The withdrawal began under the cover of darkness at 21:30. Vehicles and equipment were smashed and the wounded were collected together and left with food and water. Groups of able bodied survivors, including men of the 140th Regiment, assembled between Cassel and the Mont des Recollets and left with personal weapons and equipment and what rations could be carried.
The main breakout took place at midnight. Columns of troops headed in a North-easterly direction cross-country parallel to the D137 Road. Their retreat was covered by a rearguard of the East Yorkshire Yeomanry. The soldiers of 140th Regiment had been, in effect, converted to infantrymen for their escape, having destroyed their guns and equipment in Cassel. They found their route illuminated by German searchlights and flares and, as the morning light emerged and an early morning mist started to lift, the men encountered pockets of German forces around the village of Winnezeele and the Franco-Belgian border and the majority were captured, or killed, in this area.
For the first time in the 1940 conflict, at this point there is no written record of 140th Regiment’s movements, Major Christopherson the War Diary author, had been left behind injured at Cassel. There is also virtually no information available from other sources, although there is an account of Major Edward Milton, a senior officer of the 140th regiment, who was wounded and captured in this area. His driver, Driver William Martin who was captured with him, eventually manged to evade his captors and escape via Marseilles in August 1940 having been marched to Cambrai and then sent by train into Germany as a POW. In 1941 Driver Martin was awarded the Distinguished Conduct Medal (DCM). Sadly, Major Milton died of his wounds in a German Field Hospital and is buried at Longueness Souvenir Cemetery in St Omer.
A large group of 140th Regiment’s men were captured in a column with Major Ronald Cartland MP after surprise attack by German Panzers just outside Watou in the morning of 30th May. Along with Cartland, at least seven soldiers of the Regiment, including 2nd Lieutenant Graham Cook, Lance Bombardier James Hardy, Gunner Horace Nicholls, Gunner Sydney Vangrosky, Gunner Alfred Thorpe, Gunner John Duffield and Gunner Edwin Strahan were killed in this ambush . They were all buried in a temporary burial ground on the Houtkerkestraat about 200 yards North of Watou. They were reburied in 1948 in the Commonwealth War Cemetery at Hotton.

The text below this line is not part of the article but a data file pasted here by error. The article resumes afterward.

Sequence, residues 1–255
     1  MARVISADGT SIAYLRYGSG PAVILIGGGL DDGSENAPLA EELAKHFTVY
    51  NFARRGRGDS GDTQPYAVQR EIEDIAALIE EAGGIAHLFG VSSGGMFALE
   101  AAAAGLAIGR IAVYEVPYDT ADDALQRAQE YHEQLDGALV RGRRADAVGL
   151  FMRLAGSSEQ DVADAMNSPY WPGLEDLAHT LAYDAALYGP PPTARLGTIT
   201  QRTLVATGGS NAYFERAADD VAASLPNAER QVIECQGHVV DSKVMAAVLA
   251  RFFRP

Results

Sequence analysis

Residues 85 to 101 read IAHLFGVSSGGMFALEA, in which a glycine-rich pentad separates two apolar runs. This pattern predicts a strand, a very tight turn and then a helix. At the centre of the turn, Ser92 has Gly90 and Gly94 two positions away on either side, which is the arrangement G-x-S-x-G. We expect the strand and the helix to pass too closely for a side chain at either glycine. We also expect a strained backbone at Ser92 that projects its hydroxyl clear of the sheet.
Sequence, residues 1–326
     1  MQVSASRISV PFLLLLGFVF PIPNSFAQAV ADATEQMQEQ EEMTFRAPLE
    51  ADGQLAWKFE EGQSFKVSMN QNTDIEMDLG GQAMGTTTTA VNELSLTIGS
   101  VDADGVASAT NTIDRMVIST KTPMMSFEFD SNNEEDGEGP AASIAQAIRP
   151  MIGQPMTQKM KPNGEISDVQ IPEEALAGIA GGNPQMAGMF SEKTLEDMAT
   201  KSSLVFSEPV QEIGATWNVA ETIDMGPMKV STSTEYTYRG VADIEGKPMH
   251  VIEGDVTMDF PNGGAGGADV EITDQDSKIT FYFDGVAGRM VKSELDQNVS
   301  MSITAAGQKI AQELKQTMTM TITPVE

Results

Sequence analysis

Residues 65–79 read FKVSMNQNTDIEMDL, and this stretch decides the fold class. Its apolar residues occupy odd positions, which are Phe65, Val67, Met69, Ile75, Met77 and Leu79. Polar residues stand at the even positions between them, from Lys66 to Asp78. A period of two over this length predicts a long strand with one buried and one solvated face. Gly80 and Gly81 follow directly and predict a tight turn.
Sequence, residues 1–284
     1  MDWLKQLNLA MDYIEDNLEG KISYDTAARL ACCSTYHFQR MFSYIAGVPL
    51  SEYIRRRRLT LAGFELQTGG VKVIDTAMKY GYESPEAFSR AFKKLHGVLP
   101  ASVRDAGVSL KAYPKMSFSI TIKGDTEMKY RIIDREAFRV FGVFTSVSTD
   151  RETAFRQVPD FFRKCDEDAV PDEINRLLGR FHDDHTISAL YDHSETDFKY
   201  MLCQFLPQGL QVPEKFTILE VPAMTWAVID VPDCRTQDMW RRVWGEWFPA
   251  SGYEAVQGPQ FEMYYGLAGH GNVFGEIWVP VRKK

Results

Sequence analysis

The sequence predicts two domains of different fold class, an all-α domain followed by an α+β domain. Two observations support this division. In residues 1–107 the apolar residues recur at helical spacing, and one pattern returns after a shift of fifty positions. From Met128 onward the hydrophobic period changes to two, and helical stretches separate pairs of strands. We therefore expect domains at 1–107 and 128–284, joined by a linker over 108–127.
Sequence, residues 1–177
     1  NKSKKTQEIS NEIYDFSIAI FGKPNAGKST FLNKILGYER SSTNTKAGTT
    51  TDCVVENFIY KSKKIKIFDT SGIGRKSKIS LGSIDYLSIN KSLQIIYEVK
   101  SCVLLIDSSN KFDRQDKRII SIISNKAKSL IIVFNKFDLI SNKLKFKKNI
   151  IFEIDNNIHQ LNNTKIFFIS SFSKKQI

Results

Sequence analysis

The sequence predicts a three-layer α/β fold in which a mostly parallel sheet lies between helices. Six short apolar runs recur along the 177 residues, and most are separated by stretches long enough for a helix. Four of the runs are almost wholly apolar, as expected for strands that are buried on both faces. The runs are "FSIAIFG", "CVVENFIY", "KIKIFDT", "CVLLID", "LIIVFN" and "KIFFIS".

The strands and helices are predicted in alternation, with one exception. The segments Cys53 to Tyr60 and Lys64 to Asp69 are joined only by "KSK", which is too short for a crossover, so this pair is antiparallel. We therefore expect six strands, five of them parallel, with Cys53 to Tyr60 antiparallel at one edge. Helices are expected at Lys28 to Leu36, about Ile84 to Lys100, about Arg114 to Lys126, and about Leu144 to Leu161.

One other 140th Regiment soldier, Gunner Frederick Hart, was killed on this day (30th May) and is buried at Nine Elms Commonwealth War Cemetery near Poperinghe, This site is a few miles to the East of Watou, although it isn’t known whether he had died of wounds sustained earlier or had managed to make further progress beyond Watou during the course of the day.
Gunner Eric Johnson was captured in Watou on 30th May, although we don’t know whether he was captured in this ambush. My father, Lance Bombardier Eric West, also probably made further progress towards Poperinghe as his date of capture was 31st May 1940. There is a family legend that during this time he had no officers with him and had encountered a German tank which he engaged with a hand grenade, but like most of his story it is impossible to confirm and was never really spoken about.
From ‘The Queen’s Own Worcestershire Hussars by D.R. Guttery
‘The weary garrison filed out of the town as darkness fell. The night was ablaze with battle, and the glare of the Very lights hindered the stealthy figures in their march’.
‘However, the various groups were all ambushed and only three officers and approximately 30 men made it to Dunkirk. Their sacrifice had not been in vain; the delay to the German advance allowed a formidable defensive perimeter to be established around Dunkirk and much of the BEF had already been evacuated’.